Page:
[Jani ‘Japala’ Pönkkö] found a way to make his old Game Boy Advance exciting again. He poured a ton of time and craftsmanship into building a miniature arcade cabinet. He did such a good job it’s easy to think this is a commercial product. But when you open the back of the case to switch games one look at what’s crammed inside let’s you know this is custom work.
What’s most surprising to us is that he didn’t draw out a full set of plans before beginning. He simply measured the circuit board and LCD screen from the Game Boy and went with his gut for everything else. The case itself is crafted from baltic birch plywood, which was primed and painted before applying the decals. There is also a screen bezel made of acrylic with its own decal like you’d find on coin-op machines. These were made using printable sticker paper. The electronic part of the build involves no more than extending contacts from the circuit board to buttons mounted on the case. But he did also replace the stock speaker for one that produces better audio.
Creativity abounds in putting together this pair of Super Mario Bros. costumes. [Rob] and his wife didn’t stop with a well-assembled troupe of familiar wardrobe items, but decided to go for authentic sound effects as well. It started by finding a few of his favorite Mario sounds on the Internet. From there he grabbed a greeting card that allows you to record several message. He recorded each of the sounds and removed the electronics from the card. From there an Arduino mini was connected to the playback buttons and to a Wii nunchuck. After the break you can see that when the kids press a button, the card plays back the sound of jumping, shooting fireballs, etc. So far it’s the best use of an audio greeting card that we think eclipses its intended use.
Continue reading “Halloween Prop: Mario Bros. with full sound effects”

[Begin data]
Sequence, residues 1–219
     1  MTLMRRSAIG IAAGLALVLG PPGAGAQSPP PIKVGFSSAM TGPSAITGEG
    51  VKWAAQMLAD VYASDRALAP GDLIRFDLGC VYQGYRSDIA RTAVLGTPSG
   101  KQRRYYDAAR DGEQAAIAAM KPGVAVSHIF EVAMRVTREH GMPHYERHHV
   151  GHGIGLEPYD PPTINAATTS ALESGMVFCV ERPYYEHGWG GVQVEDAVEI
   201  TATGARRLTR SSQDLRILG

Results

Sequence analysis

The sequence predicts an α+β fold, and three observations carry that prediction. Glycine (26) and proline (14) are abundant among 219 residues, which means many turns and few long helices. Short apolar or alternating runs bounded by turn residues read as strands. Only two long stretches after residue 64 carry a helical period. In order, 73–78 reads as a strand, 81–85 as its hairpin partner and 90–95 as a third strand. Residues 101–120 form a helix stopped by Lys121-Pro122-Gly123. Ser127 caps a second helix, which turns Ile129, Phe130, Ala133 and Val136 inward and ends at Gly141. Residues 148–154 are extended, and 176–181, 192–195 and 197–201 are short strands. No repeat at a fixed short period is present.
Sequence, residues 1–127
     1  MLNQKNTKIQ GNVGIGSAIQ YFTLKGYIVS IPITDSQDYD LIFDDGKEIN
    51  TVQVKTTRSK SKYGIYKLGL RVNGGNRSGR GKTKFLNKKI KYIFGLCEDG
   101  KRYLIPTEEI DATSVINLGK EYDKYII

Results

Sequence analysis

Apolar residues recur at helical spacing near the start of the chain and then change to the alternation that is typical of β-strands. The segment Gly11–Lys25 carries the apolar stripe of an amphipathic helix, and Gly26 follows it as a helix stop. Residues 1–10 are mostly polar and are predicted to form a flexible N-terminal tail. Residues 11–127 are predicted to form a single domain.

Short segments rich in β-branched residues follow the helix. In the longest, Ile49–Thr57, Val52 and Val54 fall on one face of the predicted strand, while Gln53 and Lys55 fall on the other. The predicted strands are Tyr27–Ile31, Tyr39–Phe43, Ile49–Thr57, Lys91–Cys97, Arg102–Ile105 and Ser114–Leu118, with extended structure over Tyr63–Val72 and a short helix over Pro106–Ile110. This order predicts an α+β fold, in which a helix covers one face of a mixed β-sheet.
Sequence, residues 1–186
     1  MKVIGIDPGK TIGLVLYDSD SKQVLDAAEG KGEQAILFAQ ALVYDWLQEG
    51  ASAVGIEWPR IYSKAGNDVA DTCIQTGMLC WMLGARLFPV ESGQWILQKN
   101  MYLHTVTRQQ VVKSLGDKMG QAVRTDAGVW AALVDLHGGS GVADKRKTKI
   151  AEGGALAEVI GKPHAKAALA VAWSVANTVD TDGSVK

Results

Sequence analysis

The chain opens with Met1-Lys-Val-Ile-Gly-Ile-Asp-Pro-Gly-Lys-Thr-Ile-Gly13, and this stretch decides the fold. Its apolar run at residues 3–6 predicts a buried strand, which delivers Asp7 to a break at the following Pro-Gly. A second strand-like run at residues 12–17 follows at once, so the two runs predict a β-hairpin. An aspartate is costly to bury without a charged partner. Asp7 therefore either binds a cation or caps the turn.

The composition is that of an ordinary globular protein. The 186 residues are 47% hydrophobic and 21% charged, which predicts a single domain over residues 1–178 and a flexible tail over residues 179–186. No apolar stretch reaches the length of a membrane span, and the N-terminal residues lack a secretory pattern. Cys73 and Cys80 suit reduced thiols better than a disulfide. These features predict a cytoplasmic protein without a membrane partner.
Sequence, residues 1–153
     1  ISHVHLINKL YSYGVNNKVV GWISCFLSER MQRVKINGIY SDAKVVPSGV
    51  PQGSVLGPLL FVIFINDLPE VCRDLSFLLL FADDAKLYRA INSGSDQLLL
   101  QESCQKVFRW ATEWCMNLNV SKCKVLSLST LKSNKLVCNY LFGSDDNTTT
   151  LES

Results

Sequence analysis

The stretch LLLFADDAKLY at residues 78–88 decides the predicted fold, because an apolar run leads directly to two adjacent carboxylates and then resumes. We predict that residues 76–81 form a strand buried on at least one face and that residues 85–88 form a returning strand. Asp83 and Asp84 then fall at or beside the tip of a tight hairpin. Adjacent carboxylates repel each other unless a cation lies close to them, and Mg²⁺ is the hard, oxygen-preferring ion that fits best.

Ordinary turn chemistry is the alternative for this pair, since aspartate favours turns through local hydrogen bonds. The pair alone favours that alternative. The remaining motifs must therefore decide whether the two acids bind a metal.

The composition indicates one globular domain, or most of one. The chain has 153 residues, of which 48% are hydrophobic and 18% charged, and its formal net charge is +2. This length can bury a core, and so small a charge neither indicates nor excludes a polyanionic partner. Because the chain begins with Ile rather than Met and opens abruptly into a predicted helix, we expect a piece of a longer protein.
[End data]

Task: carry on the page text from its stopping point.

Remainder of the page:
[John’s] latest build strikes a chord of nostalgia by realizing the Banana Jr. 6000. The whimsical hardware is the product of the Bloom County comic strip. It first appeared in 1984, the same year as the Macintosh. [John] used a Mac Plus as the case but completely revamped the insides. An 8″ touchscreen takes the place of the original cathode ray tube. There’s also a Mac Mini and a couple of speakers salvaged from other Macs. To get things looking just right he altered the case’s logo, painted it yellow, and even altered the Leopard operating system. Now when you boot up you’ll see a Banana and not a partly consumed pomaceous fruit.
[Thanks Captain DaFt]
You won’t find those familiar steel balls inside this mini-pinball cabinet. That’s because [Luis’] latest creation is a fun way to play virtual pinball. The playing field is a 10″ LCD screen with an accompanying 8″ screen in the marquee. Inside the well-crafted case you’ll find a mini-ITX motherboard running HyperPin, a frontend software suite for LCD-based virtual pinball. He’s also using PinMame for the score board that was often provided by a gas plasma display on newer mechanical machines. There’s video after the break, and take a moment to check out [Luis’] other mini-cabinet builds.
What’s that you say? No substitute for the real thing? That’s exactly what [Ben Heck] thinks too.
Continue reading “Mini pinball is all-pixels”
[Tim’s] miniMAME‘s construction follows the “light and cheap” approach, using foam core board and hot glue. Sure it won’t last a nuclear attack, but at least it’s light enough to carry to a friend’s house.
With a removable netbook at the core, CCFLs, speakers, trackball, and mini arcade fighting stick, the project completely surpassed our expectations. For those looking to build a miniMAME, [Tim] includes lots of pictures, details, and plans allowing anyone to make their own in about an afternoon.
We were surprised last month when we saw augmented reality being done completely in flash. It hasn’t taken too long to go mainstream though. MINI has incorporated it into a recent German language magazine ad campaign. The fiduciary marks actually work quite well with MINI’s established ad format. Visit the ad’s URL and hold the magazine up to the webcam and a 3D model of the MINI Cabrio will appear. They have a PDF of the ad that you can print and use if you don’t have the original. Unfortunately, it doesn’t seem to have cross-platform support.
We’ve been using Microsoft’s Media Center for a few years now and have grown to like it a lot. We’ve also noticed that more and more Apple computers have shown up on our home network and decided it was time to get everything working together smoothly. Follow along as we walk you through the hoops we jumped through to get everything cooperating. Continue reading “How-to: Windows Media Center on a Leopard network”